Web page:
I'm now back in the land of the living. It was only 'flu, but it was a particularly potent version that involved long episodes of sleep, puntuated by some very strange dreams. I won't relate them here because other people's dreams are always so dull.
I'm not very good at being ill. I think it's probably because I was quite a sickly child and when, at one point, it looked as if I was going to die, I was sent away to a Victorian sanitorium for a year.
Here's the bedroom I used to share with the son of an East End gangster and a boy called Ian, who was described as 'a little backwards':
On the whole I got on well with my roommates, although I wasn't terribly happy about Ian's tendency to defecate on the floor.
I was at the sanitorium for a year and the combination of sea air, good food and a course of vaccinations did the trick. But although I've enjoyed years of good health and can quite happily walk for 20 miles without feeling tired, the merest hint of illness makes me panic. I'm terrified of going back back to the sanitorium.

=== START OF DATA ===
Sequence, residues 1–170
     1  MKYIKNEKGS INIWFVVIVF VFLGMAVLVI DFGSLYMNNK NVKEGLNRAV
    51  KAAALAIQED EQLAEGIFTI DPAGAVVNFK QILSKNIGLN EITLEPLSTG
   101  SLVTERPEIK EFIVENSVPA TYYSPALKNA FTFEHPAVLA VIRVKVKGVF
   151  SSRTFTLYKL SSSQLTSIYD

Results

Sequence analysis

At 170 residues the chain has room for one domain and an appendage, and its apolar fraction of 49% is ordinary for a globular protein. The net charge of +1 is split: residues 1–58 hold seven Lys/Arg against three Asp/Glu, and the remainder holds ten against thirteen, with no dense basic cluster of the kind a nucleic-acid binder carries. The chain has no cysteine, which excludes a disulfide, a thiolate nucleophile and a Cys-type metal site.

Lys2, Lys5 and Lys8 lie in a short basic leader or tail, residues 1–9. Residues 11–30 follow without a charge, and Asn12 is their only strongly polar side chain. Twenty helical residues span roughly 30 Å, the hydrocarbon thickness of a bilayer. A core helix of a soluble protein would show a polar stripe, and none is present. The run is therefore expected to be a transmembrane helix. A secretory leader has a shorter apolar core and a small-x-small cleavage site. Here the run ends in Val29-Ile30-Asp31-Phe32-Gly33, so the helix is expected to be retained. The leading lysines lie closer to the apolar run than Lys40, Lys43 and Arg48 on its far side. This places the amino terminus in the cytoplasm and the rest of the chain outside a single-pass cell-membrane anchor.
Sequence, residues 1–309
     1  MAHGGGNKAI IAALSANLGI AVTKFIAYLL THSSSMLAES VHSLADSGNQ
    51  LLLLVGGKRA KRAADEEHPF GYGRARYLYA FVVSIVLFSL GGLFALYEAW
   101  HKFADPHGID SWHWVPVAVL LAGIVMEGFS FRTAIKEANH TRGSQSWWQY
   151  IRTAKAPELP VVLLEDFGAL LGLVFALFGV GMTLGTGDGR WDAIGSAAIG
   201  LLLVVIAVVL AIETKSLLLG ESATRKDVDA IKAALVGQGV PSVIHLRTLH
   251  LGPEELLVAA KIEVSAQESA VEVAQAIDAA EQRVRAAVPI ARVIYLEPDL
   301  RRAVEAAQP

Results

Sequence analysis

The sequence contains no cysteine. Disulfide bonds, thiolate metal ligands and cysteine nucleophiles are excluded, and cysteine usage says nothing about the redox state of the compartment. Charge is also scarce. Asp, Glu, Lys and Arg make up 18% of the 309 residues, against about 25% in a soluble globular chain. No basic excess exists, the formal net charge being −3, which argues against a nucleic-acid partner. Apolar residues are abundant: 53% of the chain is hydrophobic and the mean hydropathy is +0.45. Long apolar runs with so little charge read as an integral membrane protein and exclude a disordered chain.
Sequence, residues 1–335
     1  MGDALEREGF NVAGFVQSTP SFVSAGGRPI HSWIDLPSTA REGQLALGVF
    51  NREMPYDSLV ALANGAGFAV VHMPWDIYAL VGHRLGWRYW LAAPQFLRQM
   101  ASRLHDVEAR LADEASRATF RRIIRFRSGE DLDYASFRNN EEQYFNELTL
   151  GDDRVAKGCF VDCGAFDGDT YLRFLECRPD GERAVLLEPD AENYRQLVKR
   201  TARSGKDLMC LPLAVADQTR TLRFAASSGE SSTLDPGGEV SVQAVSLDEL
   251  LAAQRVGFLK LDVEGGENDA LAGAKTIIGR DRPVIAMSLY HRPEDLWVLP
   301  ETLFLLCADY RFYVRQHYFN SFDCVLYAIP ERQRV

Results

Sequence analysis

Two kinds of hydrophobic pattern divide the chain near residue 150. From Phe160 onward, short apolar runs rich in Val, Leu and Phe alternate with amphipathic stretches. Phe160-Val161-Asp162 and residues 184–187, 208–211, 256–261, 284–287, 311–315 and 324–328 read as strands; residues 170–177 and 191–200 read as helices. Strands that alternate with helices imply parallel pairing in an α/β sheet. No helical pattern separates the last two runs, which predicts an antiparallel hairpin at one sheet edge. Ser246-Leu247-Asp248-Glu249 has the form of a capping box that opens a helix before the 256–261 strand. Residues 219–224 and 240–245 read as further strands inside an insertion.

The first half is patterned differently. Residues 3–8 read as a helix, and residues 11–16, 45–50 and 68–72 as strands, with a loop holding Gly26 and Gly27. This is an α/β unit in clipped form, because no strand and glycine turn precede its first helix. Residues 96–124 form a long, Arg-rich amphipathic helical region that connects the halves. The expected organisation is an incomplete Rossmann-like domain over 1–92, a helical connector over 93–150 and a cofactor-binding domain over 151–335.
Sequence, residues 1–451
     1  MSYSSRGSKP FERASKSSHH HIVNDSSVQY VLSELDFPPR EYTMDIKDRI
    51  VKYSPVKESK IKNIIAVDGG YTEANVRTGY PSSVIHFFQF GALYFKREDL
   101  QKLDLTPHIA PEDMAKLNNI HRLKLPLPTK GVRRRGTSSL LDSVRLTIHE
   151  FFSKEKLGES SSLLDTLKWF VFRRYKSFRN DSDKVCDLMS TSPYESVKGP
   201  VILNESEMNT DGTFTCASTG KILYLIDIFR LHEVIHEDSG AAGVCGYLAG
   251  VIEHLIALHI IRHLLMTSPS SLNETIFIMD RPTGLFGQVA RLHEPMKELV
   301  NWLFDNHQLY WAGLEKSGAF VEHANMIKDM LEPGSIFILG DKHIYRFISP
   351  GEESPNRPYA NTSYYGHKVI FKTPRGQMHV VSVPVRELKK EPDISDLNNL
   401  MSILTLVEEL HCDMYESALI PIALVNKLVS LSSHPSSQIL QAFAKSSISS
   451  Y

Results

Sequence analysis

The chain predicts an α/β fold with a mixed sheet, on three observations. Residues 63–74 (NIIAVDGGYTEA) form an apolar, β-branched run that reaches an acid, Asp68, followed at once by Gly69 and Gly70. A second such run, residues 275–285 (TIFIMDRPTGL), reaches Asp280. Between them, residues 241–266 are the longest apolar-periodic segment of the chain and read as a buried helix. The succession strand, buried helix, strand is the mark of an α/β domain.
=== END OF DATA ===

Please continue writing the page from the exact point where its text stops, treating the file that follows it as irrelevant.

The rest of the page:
However, there's also a lot to be said for being forced to lie in bed for six days, particularly if you have a laptop with wireless internet access. Unconstrained by the demands of others, I was able to surf the web for hours, going off on tangential journeys that led to some wonderful discoveries.
Here's the best of what I found:
1. John Krish
If you've heard of the British documentary filmaker John Krish, then I salute you. There's next to nothing about him on Wikipedia. Fortunately, after decades of neglect, a recent DVD release of four of Krish's short films earned him the 'Best Documentary' award at the 2010 Evening Standard Awards.
Here's an extract from John Krish's 1962 documentary 'Our School':
John Krish may not be a household name, but he was responsible for what is arguably the most stylish intro sequence in television history:
2. Daniel Davies - 'The Isle of Dogs'
This is an excellent first novel - one of the best I've read for a long time.